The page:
The cold open introduces the gag: People's emotional baggage appears as luggage they're carrying around printed with their issues (Works In Porn, Still Thinks The Ska Band Is Going To Make It, Elvis Is Alive, Cubs Fan). It's probably not an original idea, but it's a clever and visually arresting. The best thing about "The Wedding Bride," though, is that it's not the central gag of the half hour. Such ideas should be used judiciously, dropped out for whole acts, brought back just when we've forgotten about them. The baggage joke is played with just the right touch, I thought — not too much, not too little, and a nice little message at the end about how baggage can't be a deal-breaker when we've all got it.
No, the central gag was quite a bit more heavy-handed. And while "The Wedding Bride" (the episode of HIMYM) had a pleasing zippiness that kept the tone light and the signifiers from getting too sloppy, The Wedding Bride (the movie-within-the-episode-of-HIMYM) threatened to take us right to the bottom like an anvil in a rowboat. First problem: The minor-star cast list is both distracting and overused. If you cast Chris Kattan and Malin Ackerman, I guess you have to keep going back to them for more screen time, but it felt forced. Second problem: The big climax with Ted echoing the movie's dialogue is actually difficult to follow. We hear the movie-climax dialogue only once, and then we have to follow it while Ted substitutes "pancakes" for "marry." HIMYM already taxes my multitasking muscles (delightfully); trying to listen to both strains of soundtrack and grasp the little changes felt too much like work. Third problem: The gag's so big, there's no time for a B-story. The gang is left in the position of Greek chorus, doing nothing but commenting on Ted's predicament.
But the boat stays afloat — mostly — and I credit that to the way the writers use this anvil of a movie gag. It almost plays like a Very Special Guest Star that was thrown at them; most of the time you try to work around it, and if you're really good you can actually build a few comedic structures of your own devising on top of it. The concept goes like this: Ted goes to see a new movie with his new girlfriend Royce (Judy Greer, suddenly a continent away from her appearance as a horny physicist on The Big Bang Theory last week), and discovers that Stella's ex Tony has written a movie about the whole leaving-Ted-at-the-altar fiasco. Only he's recast himself as a karate-chopping hero — "Your happiness is the only thing I care about, except for these underprivileged children I work with for free" — and Ted has become Jed Mosly, super-jerk architect who spouts the catchphrase "No can doosville, baby" and ends up karate-kicked in the nuts. Naturally Royce and the rest of America loooooooove this movie, and Ted can't reveal his connection to it without revealing all his baggage.
It's the speed of everything around The Wedding Bride — everything that isn't actually The Wedding Bride — that keeps the boat making progress toward safe harbor. I chuckled every time there was a cut back to the movie audience reacting in unison: hysterical laughter at the Jed Mosly pratfalls, "awwwwwwww!" at Tony's romantic gestures, and delighted applause when the two leads finally get together (and Mosly gets his comeuppance). And it's because those cuts and those reactions had that zip and pace that kept them from being predictable. The conversations at MacLaren's were some of the best of the season, thanks to a combination of clever writing unafraid to throw in multiple insta-callbacks and rapid-fire performance and editing. And although Ted is required to do way too much slow-burn in the reaction shots to the movie, he gets in some outraged licks ("He said Ted that time, didn't he?!") and built on his embrace-the-douchiness tour-de-force from last week ("even though that is the correct pronunciation").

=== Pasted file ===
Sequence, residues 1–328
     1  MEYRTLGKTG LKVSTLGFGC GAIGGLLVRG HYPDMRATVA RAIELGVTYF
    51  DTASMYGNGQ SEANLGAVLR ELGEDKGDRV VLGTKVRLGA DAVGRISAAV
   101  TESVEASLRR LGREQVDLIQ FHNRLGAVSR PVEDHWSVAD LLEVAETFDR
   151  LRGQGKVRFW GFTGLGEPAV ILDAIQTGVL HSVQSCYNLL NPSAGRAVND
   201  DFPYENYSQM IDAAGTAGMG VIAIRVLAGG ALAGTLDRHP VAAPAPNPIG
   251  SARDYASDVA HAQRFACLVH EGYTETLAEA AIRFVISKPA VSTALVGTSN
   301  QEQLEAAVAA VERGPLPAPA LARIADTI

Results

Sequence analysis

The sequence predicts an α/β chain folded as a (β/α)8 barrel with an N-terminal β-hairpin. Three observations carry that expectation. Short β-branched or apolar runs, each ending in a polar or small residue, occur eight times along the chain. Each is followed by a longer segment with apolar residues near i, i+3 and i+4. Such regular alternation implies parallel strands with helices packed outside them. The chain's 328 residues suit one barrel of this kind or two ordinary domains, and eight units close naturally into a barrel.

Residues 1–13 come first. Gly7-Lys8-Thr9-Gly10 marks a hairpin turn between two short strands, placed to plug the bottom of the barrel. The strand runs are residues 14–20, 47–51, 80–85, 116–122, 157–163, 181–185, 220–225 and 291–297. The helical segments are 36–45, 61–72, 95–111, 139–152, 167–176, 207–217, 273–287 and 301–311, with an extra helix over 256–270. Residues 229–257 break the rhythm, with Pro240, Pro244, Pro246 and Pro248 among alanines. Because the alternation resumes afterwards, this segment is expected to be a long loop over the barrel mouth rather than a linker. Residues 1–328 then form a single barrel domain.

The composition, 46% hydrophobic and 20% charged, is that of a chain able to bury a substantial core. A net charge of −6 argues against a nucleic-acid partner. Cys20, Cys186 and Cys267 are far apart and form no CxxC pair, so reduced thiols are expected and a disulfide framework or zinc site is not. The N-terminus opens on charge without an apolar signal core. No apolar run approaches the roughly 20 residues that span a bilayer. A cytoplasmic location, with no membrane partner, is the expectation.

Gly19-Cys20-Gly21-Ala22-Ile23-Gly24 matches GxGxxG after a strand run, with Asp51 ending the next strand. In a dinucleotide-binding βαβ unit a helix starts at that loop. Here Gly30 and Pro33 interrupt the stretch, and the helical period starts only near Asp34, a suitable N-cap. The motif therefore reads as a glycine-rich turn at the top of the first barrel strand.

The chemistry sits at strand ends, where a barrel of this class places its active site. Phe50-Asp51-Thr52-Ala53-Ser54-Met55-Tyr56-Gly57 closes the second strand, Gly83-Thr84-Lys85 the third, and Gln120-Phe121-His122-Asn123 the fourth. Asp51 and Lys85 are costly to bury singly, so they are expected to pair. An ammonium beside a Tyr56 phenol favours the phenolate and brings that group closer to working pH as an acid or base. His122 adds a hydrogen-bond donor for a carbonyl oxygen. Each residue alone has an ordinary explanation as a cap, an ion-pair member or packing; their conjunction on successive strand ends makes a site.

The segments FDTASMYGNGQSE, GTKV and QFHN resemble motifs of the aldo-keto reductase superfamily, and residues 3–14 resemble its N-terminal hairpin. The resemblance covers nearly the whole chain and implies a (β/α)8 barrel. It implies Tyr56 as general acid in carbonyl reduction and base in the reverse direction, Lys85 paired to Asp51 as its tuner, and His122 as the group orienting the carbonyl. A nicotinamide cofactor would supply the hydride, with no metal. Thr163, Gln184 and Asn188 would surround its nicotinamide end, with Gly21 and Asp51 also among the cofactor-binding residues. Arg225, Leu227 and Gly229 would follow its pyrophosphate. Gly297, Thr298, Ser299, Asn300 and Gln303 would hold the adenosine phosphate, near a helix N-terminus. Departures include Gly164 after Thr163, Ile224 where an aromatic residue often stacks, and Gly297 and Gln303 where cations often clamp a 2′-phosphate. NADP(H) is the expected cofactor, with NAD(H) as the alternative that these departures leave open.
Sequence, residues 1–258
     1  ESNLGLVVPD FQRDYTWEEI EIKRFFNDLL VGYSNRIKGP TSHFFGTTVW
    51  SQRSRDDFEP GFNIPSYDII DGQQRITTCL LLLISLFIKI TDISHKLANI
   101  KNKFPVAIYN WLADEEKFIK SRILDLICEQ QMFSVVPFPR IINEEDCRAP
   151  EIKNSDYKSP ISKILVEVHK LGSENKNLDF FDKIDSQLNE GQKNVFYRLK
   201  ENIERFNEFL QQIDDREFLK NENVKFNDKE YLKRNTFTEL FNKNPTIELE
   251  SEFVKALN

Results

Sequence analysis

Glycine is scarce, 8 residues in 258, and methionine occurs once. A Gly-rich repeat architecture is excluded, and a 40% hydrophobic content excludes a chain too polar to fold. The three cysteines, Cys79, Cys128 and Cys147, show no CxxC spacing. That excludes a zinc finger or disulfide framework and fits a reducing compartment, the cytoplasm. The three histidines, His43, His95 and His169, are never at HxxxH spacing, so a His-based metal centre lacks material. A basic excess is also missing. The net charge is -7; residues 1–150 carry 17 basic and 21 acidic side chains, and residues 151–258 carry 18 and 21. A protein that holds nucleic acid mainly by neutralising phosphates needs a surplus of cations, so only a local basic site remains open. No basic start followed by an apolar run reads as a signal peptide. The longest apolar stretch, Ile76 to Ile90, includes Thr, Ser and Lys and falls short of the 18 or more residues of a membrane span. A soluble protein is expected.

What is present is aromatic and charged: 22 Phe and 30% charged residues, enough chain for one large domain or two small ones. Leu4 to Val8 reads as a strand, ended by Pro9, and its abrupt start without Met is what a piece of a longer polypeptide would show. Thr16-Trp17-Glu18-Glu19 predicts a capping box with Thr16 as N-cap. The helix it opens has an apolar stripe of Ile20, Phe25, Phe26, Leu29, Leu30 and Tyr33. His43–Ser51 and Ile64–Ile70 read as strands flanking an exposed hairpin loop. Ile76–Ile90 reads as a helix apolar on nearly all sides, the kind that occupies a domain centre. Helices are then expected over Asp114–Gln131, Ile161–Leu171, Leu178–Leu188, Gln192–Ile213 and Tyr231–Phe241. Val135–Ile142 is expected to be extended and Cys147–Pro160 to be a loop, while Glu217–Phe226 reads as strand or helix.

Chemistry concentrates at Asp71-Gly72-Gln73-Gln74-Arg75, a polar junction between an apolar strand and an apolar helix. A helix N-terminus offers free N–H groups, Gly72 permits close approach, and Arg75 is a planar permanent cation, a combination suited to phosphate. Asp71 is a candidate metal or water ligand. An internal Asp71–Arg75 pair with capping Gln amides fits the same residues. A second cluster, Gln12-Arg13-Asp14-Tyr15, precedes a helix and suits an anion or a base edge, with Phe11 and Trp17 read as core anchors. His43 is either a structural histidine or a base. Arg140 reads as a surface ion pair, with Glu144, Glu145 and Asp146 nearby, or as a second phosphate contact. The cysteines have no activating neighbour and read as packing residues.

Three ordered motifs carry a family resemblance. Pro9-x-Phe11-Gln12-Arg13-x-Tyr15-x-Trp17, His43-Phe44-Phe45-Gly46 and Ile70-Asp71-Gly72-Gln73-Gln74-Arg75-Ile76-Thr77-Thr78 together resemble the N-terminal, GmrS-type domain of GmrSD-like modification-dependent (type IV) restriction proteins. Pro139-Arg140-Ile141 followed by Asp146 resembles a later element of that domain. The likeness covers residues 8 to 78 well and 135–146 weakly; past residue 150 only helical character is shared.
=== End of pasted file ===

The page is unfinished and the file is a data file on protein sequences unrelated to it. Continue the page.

"The Wedding Bride" is clearly taking on water when it limps to the dock, though. Witness the brief but painful flogging of a funny moment — Barney's "go ahead, honey, fuck him!" except 2030 Ted substitutes "kiss" — within an inch of its life; suddenly Barney is throwing the K-bomb all over the theater (is he drunk?). Yet true to form, by the time the credits roll, that damage has been patched by an epilogue that undercuts the heaviness of the Big Gag by having Ted wake up to Royce's essential unsuitability and withdraw his offer of pancakes. As we roll inexorably toward the end of the season and some big life-changing episodes, here's how I read the momentum. The show has a lot of baggage, and it's trying to deal with it in the spirit of good humor and a light touch. But it's getting harder to drag the mythology and the Very Special Guest Stars around without breaking stride. I find the fleetness of the writing and production hopeful; I find the navel-gazing somewhat worrisome. Next time up to the plate, the show will still be looking to break out of a mini-slump.
- "Emotional baggage is the bedrock of America's most important cultural export … actually, it's porn."
- The snowballing gag where Royce's apparent baggage vanishes when she gets a chance to explain reaches a truly transcendent moment when she starts a joke: "A priest, a rabbi, and a Jew …", pauses for a drink, and the rollin suitcase reads: "Ted, Wait For Her To Finish Her Sip." ("… lliard-trained violinist walk into a bar …")
- I take it back; there's a tiny gesture toward a B-story, in which Marshall is criticized for being too nice due to his Minnesota upbringing ("His high school mascot was a hug," Lily explains). He objects to Robin's description of his hometown as "crime-free": "In 1994 the cashier at the feed store was held up at hoe-point."
- Robin thinks both the arcade proposal and the two-minute date (transformed in the movie into callous abuse by Jed Mosly) were "a little cheesy."
- "That's what passes for comedy these days? Whoa, I'm fallin' back in ma chair!"